City Council passes second filing of murals amendment despite opposition

City Council passes second filing of murals amendment despite opposition

Despite hearing from multiple downtown business owners and representatives of stakeholder organizations, the Spencer City Council on Monday passed a second filing of an ordinance that would allow murals.

The ordinance amends city code to allow murals to be placed on the side or back outside wall of a commercial building, but not on the front outside wall. A third and final filing must still be approved for the amendment to take effect.

However, on Monday, the council heard arguments against murals as allowed in the amendment..


Spencer Main Street Director Nancy Naeve spoke on behalf of downtown area businesses, some of whom she said did not want the ordinance approved as written.

“I just figured no one was saying anything because they had no objections,” Naeve said. “They had no intentions of putting a mural on the wall. And as much as this hurts my newsperson’s heart, it’s because they were unaware.”

Naeve said the business owners are “all for public art,” but are worried about how murals may harm the downtown area’s standing as a historic district, specifically nine key buildings in the district.


“They would rather not have it on any street-facing walls,” Naeve said. “We’re still worried that by putting the mural, even if it’s on another material, into the mortar of the building, it could hurt the integrity of it.”

She said the Historic Preservation Committee isn’t “thrilled” with the compromise reached in the amendment. That compromise allows for that committee’s input to be provided, but doesn’t grant it a veto option.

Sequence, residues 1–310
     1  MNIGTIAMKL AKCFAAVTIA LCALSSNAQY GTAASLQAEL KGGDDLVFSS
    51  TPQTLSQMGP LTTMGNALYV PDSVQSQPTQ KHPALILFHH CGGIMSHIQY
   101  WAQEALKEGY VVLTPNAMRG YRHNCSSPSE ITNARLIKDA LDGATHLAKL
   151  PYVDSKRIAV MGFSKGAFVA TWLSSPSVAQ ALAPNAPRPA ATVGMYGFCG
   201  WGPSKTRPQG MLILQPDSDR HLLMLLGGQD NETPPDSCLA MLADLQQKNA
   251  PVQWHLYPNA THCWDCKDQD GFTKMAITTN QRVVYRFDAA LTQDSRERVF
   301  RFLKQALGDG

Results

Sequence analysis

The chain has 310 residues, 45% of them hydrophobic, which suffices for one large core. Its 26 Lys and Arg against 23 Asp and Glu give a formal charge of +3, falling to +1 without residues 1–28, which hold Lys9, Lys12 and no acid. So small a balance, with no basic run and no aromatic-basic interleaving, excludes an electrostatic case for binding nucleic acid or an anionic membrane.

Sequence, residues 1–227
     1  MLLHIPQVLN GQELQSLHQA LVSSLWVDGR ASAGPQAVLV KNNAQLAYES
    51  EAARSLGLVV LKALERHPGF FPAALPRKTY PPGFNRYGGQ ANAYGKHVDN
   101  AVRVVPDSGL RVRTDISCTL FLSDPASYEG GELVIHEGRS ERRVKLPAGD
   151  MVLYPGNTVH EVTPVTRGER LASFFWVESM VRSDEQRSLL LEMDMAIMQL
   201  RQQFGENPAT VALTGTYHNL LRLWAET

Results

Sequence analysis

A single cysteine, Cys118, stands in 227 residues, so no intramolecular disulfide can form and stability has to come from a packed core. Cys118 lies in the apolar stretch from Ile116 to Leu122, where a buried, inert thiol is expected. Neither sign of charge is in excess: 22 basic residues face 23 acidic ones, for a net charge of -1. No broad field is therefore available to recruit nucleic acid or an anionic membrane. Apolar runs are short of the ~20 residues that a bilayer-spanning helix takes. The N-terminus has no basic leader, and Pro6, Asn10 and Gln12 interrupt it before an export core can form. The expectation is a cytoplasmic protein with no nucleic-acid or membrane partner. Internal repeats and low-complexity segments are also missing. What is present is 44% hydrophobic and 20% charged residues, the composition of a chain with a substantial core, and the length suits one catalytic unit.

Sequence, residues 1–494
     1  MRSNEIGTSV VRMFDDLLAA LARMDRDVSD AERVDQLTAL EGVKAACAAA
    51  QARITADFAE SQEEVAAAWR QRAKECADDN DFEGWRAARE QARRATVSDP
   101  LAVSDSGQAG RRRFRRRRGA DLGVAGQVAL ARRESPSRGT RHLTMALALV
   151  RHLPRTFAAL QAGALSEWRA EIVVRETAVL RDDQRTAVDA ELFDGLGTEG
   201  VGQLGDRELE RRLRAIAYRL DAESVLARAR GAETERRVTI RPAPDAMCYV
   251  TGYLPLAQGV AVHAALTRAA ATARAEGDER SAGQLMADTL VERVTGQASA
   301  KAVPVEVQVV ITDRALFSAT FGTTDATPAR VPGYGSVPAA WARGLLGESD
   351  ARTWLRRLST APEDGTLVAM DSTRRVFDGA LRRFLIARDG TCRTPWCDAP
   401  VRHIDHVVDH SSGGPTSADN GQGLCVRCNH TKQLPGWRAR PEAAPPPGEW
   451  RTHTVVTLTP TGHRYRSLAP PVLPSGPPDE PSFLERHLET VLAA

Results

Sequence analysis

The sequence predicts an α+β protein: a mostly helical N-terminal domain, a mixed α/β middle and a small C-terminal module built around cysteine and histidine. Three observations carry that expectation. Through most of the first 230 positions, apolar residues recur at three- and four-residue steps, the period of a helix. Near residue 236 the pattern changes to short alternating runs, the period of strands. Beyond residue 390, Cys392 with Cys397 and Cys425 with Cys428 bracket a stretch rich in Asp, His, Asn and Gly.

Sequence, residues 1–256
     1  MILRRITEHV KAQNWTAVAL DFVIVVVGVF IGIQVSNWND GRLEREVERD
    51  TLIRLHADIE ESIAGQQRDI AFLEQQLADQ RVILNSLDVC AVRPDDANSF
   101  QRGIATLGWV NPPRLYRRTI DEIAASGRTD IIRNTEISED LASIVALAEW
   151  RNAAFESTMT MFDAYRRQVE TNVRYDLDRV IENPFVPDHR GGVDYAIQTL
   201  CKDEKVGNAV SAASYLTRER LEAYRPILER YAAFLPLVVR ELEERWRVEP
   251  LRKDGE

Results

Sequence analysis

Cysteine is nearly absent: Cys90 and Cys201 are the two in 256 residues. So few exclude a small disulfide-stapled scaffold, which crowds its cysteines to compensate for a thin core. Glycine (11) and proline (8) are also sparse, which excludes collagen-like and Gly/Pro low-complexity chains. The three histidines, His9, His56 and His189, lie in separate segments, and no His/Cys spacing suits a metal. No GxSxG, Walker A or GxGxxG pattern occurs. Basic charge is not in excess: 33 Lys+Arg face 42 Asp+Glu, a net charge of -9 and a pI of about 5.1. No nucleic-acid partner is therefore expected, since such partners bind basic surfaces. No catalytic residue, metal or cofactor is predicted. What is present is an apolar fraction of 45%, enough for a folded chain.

The committee, Naeve said, would rather see murals in alleys.

Kari Roskens, owner of Kari’s, said that’s what LeMars does and Spencer could follow that city’s example.

“They have murals in their alleyways,” Roskens said. “I think that would be cool. You could come see what there is to see in Spencer and you could walk down the alleys that have been beautified in the last 15 years so they look so much better than they used to. There’s plenty of spaces.”

Wanting to preserve historic buildings, Art Deco style

At the center of the issue, Naeve said, was the downtown area’s Art Deco architecture. Many of Spencer’s older downtown area building’s feature the Art Deco style made popular in the 1920s and 30s.


Per the amendment, the Historic Preservation Committee also will review, comment and provide suggestions before a permit will be issued for murals on historic or contributing buildings.

But some on the committee, and others, don’t think that arrangement goes far enough.

Bob Rose, Historic Preservation Committee member and former Spencer Main Street Director, told the council he didn’t feel murals are appropriate on historic buildings. He also noted Spencer’s considerable number of Art Deco-style buildings.